From the Maester’s Desk – Endgame: The Blood of the Dragon

707 - Ship - Daenerys, Jon 1

Through seven seasons, Game of Thrones has boasted a huge ensemble cast of memorable characters, and though many of them are fan favorites or integral to the plot, the most important of them all (the ones the “Song of Ice and Fire” surely alludes to) are Jon Snow and Daenerys Targaryen.

Both of them had humble beginnings (Dany even more so) and faced many dangers to reach the positions of power they hold now. Jon was even killed once, but he got better.

Dany was born in exile and was a refugee during most of her early years, and didn’t have many friends. She has been sold off, enslaved and betrayed, and many people have attempted to kill her. But instead of breaking, she has not only survived, but thrived in the face of adversity, gaining new and true allies and also the power to fight for her birthright, in the shape of a vast army and real, fire-breathing dragons.

Jon Snow lived comfortably in Winterfell, but resented his status as a bastard and knew that in normal circumstances it wouldn’t take him too far, so he joined the Night’s Watch, unaware that it was a dumping ground for killers and criminals of all kinds. He started as a simple steward, and was prisoner of the wildlings for a time, and though he has never asked for power, he’s a natural leader and soon became Lord Commander of the Night’s Watch and King in the North afterwards, once his watch was ended.

It’s been very exciting to watch these characters grow and bringe change with them, not without sacrifice and difficulties, but always aiming for the best. And now their biggest test is looming and the stakes couldn’t be any higher –it’s not just a matter of who’ll sit in the Iron Throne, or even the fate of Westeros alone. If the Night King wins, the whole world could be doomed.

So, based solely on what’s on the pages of the currently released five tomes of A Song of Ice and Fire, and the seven seasons of Game of Thrones (no season 8 spoilers!), I’ll make an educated guess of what’s coming up next for Dany and Jon in the final six episodes of our favorite fantasy saga.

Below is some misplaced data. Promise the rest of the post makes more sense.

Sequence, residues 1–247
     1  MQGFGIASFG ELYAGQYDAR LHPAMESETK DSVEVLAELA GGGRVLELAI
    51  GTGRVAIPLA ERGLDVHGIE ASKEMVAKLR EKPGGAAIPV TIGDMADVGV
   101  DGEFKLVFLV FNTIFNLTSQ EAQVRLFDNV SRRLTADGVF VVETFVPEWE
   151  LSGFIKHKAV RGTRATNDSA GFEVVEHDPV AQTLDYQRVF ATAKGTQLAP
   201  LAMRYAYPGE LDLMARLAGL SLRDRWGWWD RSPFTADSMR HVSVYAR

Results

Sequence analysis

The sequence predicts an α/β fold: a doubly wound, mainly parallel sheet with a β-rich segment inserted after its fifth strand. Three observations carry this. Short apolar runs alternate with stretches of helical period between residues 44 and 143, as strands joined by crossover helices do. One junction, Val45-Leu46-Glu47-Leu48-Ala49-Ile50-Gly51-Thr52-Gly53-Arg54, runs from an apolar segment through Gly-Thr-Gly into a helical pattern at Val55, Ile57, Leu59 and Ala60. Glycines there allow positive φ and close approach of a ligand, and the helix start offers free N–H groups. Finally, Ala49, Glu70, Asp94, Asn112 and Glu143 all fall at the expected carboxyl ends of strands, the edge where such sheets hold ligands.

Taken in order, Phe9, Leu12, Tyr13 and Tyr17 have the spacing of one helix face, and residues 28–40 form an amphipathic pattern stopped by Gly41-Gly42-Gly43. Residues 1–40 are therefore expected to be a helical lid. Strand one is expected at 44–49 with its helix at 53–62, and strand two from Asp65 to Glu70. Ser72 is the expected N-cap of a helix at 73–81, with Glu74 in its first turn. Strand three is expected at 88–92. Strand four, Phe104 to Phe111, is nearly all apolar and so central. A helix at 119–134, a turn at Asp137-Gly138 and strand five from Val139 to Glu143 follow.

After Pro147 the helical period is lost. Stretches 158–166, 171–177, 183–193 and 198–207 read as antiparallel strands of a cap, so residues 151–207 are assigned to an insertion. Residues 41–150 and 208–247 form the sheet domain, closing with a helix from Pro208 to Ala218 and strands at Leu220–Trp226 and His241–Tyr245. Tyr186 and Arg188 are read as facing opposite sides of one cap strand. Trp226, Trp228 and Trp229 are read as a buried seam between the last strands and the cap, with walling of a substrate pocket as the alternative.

Daenerys landing in Dragonstone

Daenerys Targaryen finally reached Westeros, but despite having the upper hand against Cersei in a beginning, she could not just lay waste to King’s Landing and burn the Red Keep with her dragons to cook her enemies. As her Hand said, that would only make her the queen of the ashes.

Since then, her advantage against Cersei has diminished somewhat: both Olenna Tyrell and the Sand Snakes are gone, Yara’s fleet was defeated and the Army of the Dead has claimed the life of Viserion. Meanwhile, Cersei still has Euron’s Iron Fleet, the support of the Iron Bank and soon the Golden Company will arrive to fight for her. And of course, the Night King obtained a brand new (and quite dangerous) mount.

I imagine that upon Dany’s arrival to Winterfell, the northern lords won’t be too happy to realize that their king has already given up his “crown” and declared for her. But as it happened with Torrhen Stark, known as “the King Who Knelt”, one look at the dragons should suffice to make them understand there wasn’t really a choice (or as Dany said about the choice the great masters of Meereen had: Live in her new world, or die with their old one). And most importantly, as Jon hopes, they’ll see her for who she is: not a foreign invader who’s coming to raze their lands, nor a “Mad Queen”, but someone who wants to build a better world and bring peace to a kingdom that has suffered and bled quite enough.

In the Season 7 finale, “The Dragon and the Wolf”, Bran seemed decided to tell Jon the truth about his parents. However, Jon being romantically involved with Daenerys changes everything: would it be a good idea to tell them right away? When so many things are on the line and tensions are so high? The new Three-Eyed Raven may have the subtlety of a sledgehammer, but Samwell is at Winterfell too, and he could restrain him until there’s a good moment to drop the bombshell news, provided both of them (and Gilly) make it to the end.

Should Bran opt not to wait, and reveal that Jon isn’t really a bastard, but the heir to the Iron Throne, and with a stronger claim than Daenerys at that, it could be a recipe for disaster. Or not. Unlike Daenerys and the many other claimants to the Throne who are already dead, he never had the ambition to rule over the Seven Kingdoms, and discovering that he’s really Aegon Targaryen won’t change that.

If anything, the truth will come as a relief: that he’s not a bastard, that his honorable adoptive father wasn’t unfaithful to his wife and that the mystery that haunted him for most of his life has been finally solved.

I think the incestuous aspect of the relationship is the largest cat that could come out of Bran’s bag of truth. Maybe that particular bit of information could be kept secret among a few people, but if it goes public, what to do then? Jaime and Cersei have gotten a lot of flak because of their no-so-secret relationship, with the former usually being the butt of jokes (one wonders how Robert Baratheon could be so blind to such an open secret). But it’s also true that not many people have reasons to love them, as opposed to Jon and Dany, who are surrounded by friends and people who respect them and are willing to fight for them.